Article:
// movsd   .LC0(%rip), %xmm1   (instr 1)
                                         // xorpd   %xmm1, %xmm0        (instr 2)
                                         // ret                     (not counted)
double a2(double b) { return -1.0*b; }   // xors sign bit with constant, 2 instr
                                         // same code as above
double a3(double b) { return 0.0-b; }    // substract b from 0,  3 instructions
                                         // xorpd   %xmm1, %xmm1
                                         // subsd   %xmm0, %xmm1
                                         // movapd  %xmm1, %xmm0    (+ret)
int a4(int a){return -a;}                // neg rax   (+ret)  1 instruction
int a5(int a){return a*(-1);}            // neg rax
int a6(int a){return 0-a;}               // neg rax
double a7(double b) { return 0-b;}       // same as a3() -- 3 instructions

Thus, the suggested optimization makes it worse on this compiler (depending on array type).

Then about the question of multiplications being slower than additions. A rule of thumb is that if multiplications are as fast as additions, we are talking about DSP architectures or DSP extensions: Texas C64, Arm NEON, Arm VFP, MMX, SSE. The same goes for many floating point extensions, starting from Pentium, where both FADD and FMUL have a latency of 3 cycles and throughput of 1 instruction per cycle. ARM integer core also executes multiplications in 1 cycle.

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Ok, trying to clean up my mess, and transform my sillyness into useful knowledge, not only for myself, but others as well.

Main conclusion and summary:

This kind of optimization is done automatically by the compiler, in this case both approaches got compiled to one single ASM instruction on x86. (see above posts) Don't make the compiler's work tougher than it has to be, just do what the logic implies.

Several answers show that this is compiled to the exact same instruction in both ways.


To remedy the blunder I made regarding this topic, I decided to dedicate some efforts to clear this up for myself - and for those who suffer from mental outages like I did when answering this question with a miraculously bad answer...

Negating a number depends on the architecture, and how data is represented.

Sign and magnitude representation

Somehow I assumed that this implementation is used - it is not. This represents numbers as one sign bit, and all the rest for the value. So it can represent numbers from -2n-1-1 to 2n-1-1, and has a negative zero value too. In this kind of representation, it would be enough to flip the sign bit:

input ^ -0; // as the negative zero has all bits but the MSB as zero

One's complement representation

A one's complement integer representation represents negative numbers as the bitwise negation of the positive representation. This is however not really used, from the 8080 on, two's compliment is used. A strange consequence of this representation is the negative zero, which can give a lot of troubles. Also, the numbers represented range from -2n-1-1 to 2n-1-1 where n is the number of bits the numbers are stored on.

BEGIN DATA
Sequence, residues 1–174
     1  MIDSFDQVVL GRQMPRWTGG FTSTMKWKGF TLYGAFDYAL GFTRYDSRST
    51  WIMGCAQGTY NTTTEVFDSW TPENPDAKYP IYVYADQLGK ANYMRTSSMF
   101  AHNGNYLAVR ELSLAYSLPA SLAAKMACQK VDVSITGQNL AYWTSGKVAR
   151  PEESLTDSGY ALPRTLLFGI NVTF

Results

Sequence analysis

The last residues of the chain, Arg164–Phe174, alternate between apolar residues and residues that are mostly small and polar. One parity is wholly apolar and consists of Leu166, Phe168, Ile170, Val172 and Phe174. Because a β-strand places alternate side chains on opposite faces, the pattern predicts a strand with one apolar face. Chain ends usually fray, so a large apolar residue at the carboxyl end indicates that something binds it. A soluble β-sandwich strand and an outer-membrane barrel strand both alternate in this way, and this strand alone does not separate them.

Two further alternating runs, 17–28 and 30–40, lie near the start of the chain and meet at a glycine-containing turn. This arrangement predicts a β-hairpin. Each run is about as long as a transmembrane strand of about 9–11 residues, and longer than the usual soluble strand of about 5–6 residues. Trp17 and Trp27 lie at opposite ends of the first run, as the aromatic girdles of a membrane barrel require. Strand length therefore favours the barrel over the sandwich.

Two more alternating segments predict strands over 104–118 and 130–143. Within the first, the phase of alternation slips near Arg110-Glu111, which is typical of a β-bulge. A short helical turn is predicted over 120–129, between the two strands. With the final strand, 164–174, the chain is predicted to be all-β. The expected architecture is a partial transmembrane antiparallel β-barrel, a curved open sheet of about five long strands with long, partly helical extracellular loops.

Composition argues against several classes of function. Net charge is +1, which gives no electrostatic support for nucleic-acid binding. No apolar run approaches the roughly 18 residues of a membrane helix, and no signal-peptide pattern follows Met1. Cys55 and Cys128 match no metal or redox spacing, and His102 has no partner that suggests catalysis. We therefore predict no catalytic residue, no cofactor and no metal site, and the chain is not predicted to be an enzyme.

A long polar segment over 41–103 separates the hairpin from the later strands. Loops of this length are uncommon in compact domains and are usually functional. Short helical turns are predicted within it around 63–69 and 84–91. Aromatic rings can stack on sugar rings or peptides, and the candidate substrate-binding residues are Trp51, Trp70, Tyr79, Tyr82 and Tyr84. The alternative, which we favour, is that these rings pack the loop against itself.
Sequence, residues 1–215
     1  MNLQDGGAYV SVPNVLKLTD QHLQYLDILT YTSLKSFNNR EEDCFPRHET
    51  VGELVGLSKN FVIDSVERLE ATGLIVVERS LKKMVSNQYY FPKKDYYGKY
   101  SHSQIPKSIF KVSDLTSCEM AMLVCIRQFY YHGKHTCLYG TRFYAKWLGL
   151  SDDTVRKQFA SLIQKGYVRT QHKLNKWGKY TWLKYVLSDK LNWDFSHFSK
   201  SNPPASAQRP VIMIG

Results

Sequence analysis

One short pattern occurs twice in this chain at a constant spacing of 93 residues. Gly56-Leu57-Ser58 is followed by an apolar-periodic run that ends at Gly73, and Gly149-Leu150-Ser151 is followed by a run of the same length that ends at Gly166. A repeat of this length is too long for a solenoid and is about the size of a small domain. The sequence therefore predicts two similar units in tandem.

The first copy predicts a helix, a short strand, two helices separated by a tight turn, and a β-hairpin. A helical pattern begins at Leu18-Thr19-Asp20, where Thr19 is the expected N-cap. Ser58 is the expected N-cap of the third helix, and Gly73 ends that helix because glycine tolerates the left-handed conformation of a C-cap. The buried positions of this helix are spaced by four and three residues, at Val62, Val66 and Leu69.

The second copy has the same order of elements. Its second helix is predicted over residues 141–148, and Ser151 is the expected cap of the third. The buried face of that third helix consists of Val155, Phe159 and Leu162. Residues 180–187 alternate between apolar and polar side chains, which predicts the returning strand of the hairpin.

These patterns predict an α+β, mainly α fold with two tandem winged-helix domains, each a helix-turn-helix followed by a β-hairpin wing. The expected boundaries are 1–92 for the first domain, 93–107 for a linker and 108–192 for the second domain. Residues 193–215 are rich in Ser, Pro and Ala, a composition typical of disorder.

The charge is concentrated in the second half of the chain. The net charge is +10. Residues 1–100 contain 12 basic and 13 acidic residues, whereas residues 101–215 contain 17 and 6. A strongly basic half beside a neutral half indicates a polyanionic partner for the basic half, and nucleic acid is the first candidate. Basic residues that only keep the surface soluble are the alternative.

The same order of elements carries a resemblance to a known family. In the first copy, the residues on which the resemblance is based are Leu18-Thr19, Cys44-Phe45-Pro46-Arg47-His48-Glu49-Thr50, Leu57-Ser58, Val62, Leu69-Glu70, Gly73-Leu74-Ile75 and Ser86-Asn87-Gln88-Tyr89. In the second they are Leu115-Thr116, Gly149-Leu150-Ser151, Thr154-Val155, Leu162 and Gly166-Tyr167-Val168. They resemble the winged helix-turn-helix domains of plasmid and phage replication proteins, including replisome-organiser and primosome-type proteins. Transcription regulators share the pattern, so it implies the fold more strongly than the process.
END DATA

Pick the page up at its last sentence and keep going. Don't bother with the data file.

In this case, the quickest "manual" way of negating a number would be to flip all the bits representing the sign:

input ^ 0xFFFFFFFF; //assuming 32 bits architecture


input ^ -0; //as negative zero is a "full one" binary value

Two's complement representation

The more widely (always?) used representation is the two's complement system. It represents numbers from -2n-1 to 2n-1-1, and has only one zero value. It represents the positive range as their ordinary binary representation. However, adding 1 to 2n-1-1 (represented by having 1 in all the bits other than the MSB) will result in -2n-1 (represented a 1 at MSB, and all other bits zero).

Negating a two's complement number manually would need negating all the bits and adding 1:

(input ^ -1) + 1 //as -1 is represented by all bits as 1

However as the range of negative values is broader than that of the positive values, the most negative number does not have a positive counterpart in this representation, this has to be taken into count, when dealing with these numbers! Inverting the most negative value would result in itself, just as it happens with zero (for sake of simplicity, in 8 bits)

most negative number: -128, represented as 10000000
inverting all bits: 01111111
adding one: 10000000 -> -128 again

But please, everyone* remember: premature optimization is the root of all evil! (and with the optimizers these are a thing of the past on any resourceful architectures)

*: the OP is already through this, so this is for all others, like me.

(Note to self: being (prematurely) silly is the root of all the (rightful) downvotes.)

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Signed integers on most current architectures (including x86) don't have a "sign bit". – CAFxX Nov 22 '12 at 13:43
Try this on the machine you have and see if you get the right result. I suspect you won't. Start with trying it on a 0. – Art Nov 22 '12 at 13:44
Yeah, but XORing -1 at least on x86 will not give you the correct result: 0 ^ (-1) == -1 – Sergey L. Nov 22 '12 at 13:45
Hmmm, true thoughts, thanks for them! I'll leave this here for a couple more minutes, and see if I can get the basic idea right - I might learn some more during this by doing the brainwork... – ppeterka Nov 22 '12 at 13:48
@Sergey: I thought about that, and altered my answer, but as others pointed it out, its still not correct. – ppeterka Nov 22 '12 at 13:49